The problem today in our culture is not the increasing darkness, but the ever-diminishing light in believers.  For darkness is defined as the absence of light.  And when light appears, it immediately vanquishes darkness without a struggle.  But there is more.  Scripture tells us that Christ is light, and therefore, so are we.  We are children of light and are commanded to “walk as children of light” (Eph. 5:8).  And Scripture describes the enemy as darkness.

There was a man sent from God, whose name was John (the Baptist).  This man came for a witness, to bear witness of the Light (Christ), that all through him might believe.  He was not that Light (Christ), but was sent to bear witness of that Light (Christ).
Summary: That was the true Light (Christ) which gives light to every man (was) coming into the world – John 1:6-9.

But it gets even better.  Consider what John later says about light.

This is the message which we have heard from Him and declare to you, that God is light (to what degree) and in Him is no darkness at all.  If we say that we have fellowship with Him (light), and walk in darkness, we lie and do not practice the truth. But if (condition) we walk in the light (to what degree) as He is in the light, (result) we have fellowship with one another, and the blood of Jesus Christ His Son cleanses us from all sin – 1 John 1:6-7.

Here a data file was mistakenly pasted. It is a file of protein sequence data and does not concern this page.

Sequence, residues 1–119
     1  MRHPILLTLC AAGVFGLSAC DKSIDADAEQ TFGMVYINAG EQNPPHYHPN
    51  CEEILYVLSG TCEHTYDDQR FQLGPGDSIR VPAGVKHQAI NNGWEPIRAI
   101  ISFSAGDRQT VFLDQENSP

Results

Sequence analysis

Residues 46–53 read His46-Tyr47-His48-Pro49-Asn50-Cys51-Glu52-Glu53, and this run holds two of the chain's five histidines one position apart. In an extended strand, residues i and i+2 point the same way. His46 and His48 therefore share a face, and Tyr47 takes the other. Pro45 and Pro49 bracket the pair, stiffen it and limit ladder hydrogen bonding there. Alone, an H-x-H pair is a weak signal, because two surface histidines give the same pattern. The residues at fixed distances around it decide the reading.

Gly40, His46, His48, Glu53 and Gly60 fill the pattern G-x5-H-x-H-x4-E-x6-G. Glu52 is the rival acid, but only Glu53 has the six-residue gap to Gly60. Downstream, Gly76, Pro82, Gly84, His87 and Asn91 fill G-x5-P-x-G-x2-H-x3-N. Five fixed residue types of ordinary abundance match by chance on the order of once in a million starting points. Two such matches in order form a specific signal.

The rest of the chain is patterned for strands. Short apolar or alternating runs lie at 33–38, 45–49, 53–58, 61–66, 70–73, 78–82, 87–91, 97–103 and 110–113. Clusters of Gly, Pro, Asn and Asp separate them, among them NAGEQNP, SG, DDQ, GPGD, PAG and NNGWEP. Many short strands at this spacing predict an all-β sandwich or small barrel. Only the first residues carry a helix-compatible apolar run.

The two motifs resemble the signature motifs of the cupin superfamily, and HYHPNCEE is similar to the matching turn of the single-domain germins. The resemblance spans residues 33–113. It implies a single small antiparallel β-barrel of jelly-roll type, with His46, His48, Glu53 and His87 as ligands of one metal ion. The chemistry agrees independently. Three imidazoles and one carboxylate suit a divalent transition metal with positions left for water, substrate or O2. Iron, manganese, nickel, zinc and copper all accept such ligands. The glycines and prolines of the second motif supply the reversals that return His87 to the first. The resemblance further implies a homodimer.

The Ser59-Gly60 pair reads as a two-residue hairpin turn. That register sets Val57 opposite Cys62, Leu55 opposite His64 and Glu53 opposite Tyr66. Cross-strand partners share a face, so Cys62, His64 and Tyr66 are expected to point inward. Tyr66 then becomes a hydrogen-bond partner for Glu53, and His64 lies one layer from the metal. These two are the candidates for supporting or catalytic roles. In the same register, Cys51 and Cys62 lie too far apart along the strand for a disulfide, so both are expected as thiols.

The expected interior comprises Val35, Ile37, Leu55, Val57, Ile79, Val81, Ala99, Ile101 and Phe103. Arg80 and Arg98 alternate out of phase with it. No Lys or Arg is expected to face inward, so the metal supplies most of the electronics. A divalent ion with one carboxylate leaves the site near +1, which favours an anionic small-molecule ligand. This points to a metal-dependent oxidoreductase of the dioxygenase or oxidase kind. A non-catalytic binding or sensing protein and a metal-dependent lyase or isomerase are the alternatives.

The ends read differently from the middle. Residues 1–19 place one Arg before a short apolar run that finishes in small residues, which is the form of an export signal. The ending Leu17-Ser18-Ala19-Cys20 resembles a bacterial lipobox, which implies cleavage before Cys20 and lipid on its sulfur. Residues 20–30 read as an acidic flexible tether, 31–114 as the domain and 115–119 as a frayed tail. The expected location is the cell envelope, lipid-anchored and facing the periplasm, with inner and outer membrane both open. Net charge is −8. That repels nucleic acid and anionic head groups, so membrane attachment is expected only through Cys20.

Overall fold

So it appears the problem today with encroaching darkness is us, those who are light, yet hide our light from the world (Matt. 5:14-16).  Why do we do that?  Maybe it’s because we fear the darkness.  Or maybe we fear the persecution of the world, of being canceled, mocked, de-platformed, or whatever the darkness tries to do to conceal our light.  But no matter.  We have the mandate from our Lord to “let our light shine before men” (Matt. 5:16).

So maybe we should be about just that.  Remember:

Fact: For you were once darkness, but now you are light (where) in the Lord.
Command:  Walk as children of light – Ephesians 5:8.

Note: We are now (present tense) light in the Lord. We possess the Holy Spirit and take on the nature of Christ (Rom. 8:29), who is Light (1 John 1:5).  And that makes us divinely powerful in Him.

So let’s get to it, shall we?

How Do We Live as Light in the World?

So how are we to be light in this dark world?  And how do we fight against the darkness?  Let me tell you how not to fight against the darkness.  Not with anger, revenge, politics, or personal strength.  None of the Rambo stuff.  Nor by plotting, or scheming, or manipulating circumstances to meet our end.  No, that’s what the darkness does.  We let Him do the fighting for us and rest in His promises and commands.

In Him (Christ) was life, and the life was the light of men.  And the light shines in the darkness, and the darkness did not comprehend (katalambánō – to take, apprehend, overcome, to seize the position of and defeat, to gain control) it – John 1:4-5.